Some things that are blue:


Book covers.


The police.


The sea.












There is no blue pigment in plants. Blue is even less common in foliage than it is in flowers.




You have gone down on the K10 checklist. You are less depressed and anxious than you were eight months ago. Your psychologist is pleased with your progress. She asks you to draw yourself surrounded by a shield of energy. The shield traps in good thoughts and deflects bad ones. Your psychologist is a paediatric specialist, and you wonder if this is an activity she asks her child patients to do. She tells you yours is the best drawing by an adult she has ever seen. You wonder if she tells this to all of her adult patients.




The male satin bowerbird is particularly drawn to objects that are blue. This may be because, his plumage being blue-black, he is vain. Birds go wild for sex in blue love shacks, reads a Science Online headline.




You read a self-help book. You do not want to. You cannot fathom its appeal. People, you think, should just buy serotonin shots, not read self-help books. You think maybe the whole genre is a joke. You think the authors (most of whom are men) are helping themselves to their readers’ (most of whom are women) money.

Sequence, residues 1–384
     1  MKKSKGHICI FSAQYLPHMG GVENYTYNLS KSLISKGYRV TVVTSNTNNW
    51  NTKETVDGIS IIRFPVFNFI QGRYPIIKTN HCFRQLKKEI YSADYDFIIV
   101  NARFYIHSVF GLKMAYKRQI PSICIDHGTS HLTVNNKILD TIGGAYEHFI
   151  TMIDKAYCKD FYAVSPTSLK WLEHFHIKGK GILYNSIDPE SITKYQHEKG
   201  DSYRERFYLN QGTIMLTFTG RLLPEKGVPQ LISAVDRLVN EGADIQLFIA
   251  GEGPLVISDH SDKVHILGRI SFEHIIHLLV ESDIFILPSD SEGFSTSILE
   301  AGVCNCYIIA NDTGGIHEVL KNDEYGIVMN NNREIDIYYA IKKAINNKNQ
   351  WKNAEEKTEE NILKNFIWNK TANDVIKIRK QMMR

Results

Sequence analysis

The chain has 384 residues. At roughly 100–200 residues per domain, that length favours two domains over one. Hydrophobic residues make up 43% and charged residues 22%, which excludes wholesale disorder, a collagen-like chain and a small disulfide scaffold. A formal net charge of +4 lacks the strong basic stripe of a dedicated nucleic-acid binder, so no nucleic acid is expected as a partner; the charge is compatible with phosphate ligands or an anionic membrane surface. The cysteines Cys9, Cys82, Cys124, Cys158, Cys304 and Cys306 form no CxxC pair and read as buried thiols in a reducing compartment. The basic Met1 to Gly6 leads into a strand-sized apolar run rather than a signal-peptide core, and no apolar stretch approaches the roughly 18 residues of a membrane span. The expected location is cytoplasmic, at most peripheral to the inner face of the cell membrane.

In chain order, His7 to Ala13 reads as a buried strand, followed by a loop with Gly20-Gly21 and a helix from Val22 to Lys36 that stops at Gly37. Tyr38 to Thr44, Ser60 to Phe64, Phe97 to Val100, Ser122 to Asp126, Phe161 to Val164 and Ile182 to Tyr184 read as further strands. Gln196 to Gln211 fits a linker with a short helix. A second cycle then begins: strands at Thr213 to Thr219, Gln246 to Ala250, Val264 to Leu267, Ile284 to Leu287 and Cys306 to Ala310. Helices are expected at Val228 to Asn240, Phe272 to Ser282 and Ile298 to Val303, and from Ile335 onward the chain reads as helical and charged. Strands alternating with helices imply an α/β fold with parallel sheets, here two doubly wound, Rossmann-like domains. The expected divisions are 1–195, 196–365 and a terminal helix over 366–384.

Spotify playlist: Blue.


Take Me Out – Franz Ferdinand.


Know-How – Kings of Convenience.


Nightcall – Kavinsky.


These are not blue, you think. These are songs you would dance to.




There is a club you’d like to go to on the weekend. You have not been to a club in months. You have heard they will be playing Motown songs all night. You have heard that the DJ starts at 11:30pm. You are 33, and it seems to you 11:30pm is around the time the DJ ought to be finishing up so you can be home in bed before midnight.




Time passes, wrote Joan Didion in Blue Nights. Memory fades, memory adjusts, memory conforms to what we think we remember. You think you remember you were happy.


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